How You Get There Is As Important As Getting There

Habit Change

I have a thing for color.

In fact, I have painted every apartment I have rented in the last 10 years.

I am motivated to paint because I can’t think straight with plain white walls.

But even with all of this painting practice, I’m still not a good painter.

Here is my approach:

Throw down a plastic tarp if I remember. Throw on some tape. Open lid. Begin painting like a mad-woman on a mission.

Here is a different approach:

Clean and repair the walls, tape off edges carefully, move and cover furniture, blah, blah, blah, and then paint in some systematic fashion.

I can’t stand all the prep.

I am far too impatient for change. I want to feel better now so I rush into it and hope it works out for the best.

Hmmm. Maybe I am talking about more than painting here.

In this example, I am left with walls that meet my expectations. But my approach has gypped me out of something far more important than a pretty red bathroom.

I have reinforced the belief that the destination is more important than the journey.

One of my clients said it best. When discussing her goals for our work together she said, “I am realizing that how I get there is just as important as getting there.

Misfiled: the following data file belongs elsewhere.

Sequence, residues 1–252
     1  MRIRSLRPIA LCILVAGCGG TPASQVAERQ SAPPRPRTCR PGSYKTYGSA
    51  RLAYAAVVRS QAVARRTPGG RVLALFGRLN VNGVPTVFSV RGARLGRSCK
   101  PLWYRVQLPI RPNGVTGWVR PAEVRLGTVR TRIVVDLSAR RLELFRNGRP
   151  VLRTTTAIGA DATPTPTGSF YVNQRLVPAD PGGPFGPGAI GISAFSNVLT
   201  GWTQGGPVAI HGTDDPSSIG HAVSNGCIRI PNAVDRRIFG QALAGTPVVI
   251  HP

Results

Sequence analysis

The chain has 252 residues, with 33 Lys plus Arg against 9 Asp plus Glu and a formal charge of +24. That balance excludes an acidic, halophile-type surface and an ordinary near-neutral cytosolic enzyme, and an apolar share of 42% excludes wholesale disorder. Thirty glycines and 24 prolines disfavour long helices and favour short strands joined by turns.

This stopped me short.

Her yearning is common among my clients – to learn a way of accomplishing, a way of shifting habits, a way of ‘being productive’ that actually honors the ‘being’ more than the ‘productive’.

I knew the practical and mindfulness-based systems we would integrate into her life would help her with this transformation.

But I also realized that I needed to take a look at my life and consider how my impatience for change – for rushing to get to the destination – was preventing me from appreciating and enjoying the journey – and being productive in the way that I want to be.

A Shift In Perspective

The funny thing is that I used to be far more impatient than I am now. One thing that has helped me tremendously is shifting my perspective from all-at-once to day-by-day.

True transformation comes not from that one amazing epiphany but rather by integrating insights into action repeatedly, consistently, and patiently.

Clearly this shift is still a work in progress for me, but I am committed to continually bringing myself back to the day-by-day mindset each time I realize I have shifted back into my must-accomplish-as-much-and-as-quickly-as-possible way of being.

What would be possible if you embraced the process of change? If you enjoyed the preparation, the momentum, the ups and downs and the truth that it never really ends?

How might you change your approach to creating change? To being productive?

Share your thoughts below. I’d love to hear them.

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